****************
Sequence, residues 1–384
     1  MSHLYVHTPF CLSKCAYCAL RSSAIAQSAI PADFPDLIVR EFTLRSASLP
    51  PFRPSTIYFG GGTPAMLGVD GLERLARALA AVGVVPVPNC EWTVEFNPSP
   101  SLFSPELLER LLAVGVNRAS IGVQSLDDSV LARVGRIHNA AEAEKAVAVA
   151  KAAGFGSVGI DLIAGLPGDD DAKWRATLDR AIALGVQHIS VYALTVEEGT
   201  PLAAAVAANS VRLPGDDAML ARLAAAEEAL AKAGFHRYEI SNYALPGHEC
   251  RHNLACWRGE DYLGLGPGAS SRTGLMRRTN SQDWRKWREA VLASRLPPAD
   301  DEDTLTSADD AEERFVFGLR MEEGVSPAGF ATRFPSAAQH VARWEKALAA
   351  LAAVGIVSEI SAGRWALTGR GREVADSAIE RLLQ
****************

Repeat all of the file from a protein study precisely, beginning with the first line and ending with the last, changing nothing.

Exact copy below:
Sequence, residues 1–384
     1  MSHLYVHTPF CLSKCAYCAL RSSAIAQSAI PADFPDLIVR EFTLRSASLP
    51  PFRPSTIYFG GGTPAMLGVD GLERLARALA AVGVVPVPNC EWTVEFNPSP
   101  SLFSPELLER LLAVGVNRAS IGVQSLDDSV LARVGRIHNA AEAEKAVAVA
   151  KAAGFGSVGI DLIAGLPGDD DAKWRATLDR AIALGVQHIS VYALTVEEGT
   201  PLAAAVAANS VRLPGDDAML ARLAAAEEAL AKAGFHRYEI SNYALPGHEC
   251  RHNLACWRGE DYLGLGPGAS SRTGLMRRTN SQDWRKWREA VLASRLPPAD
   301  DEDTLTSADD AEERFVFGLR MEEGVSPAGF ATRFPSAAQH VARWEKALAA
   351  LAAVGIVSEI SAGRWALTGR GREVADSAIE RLLQ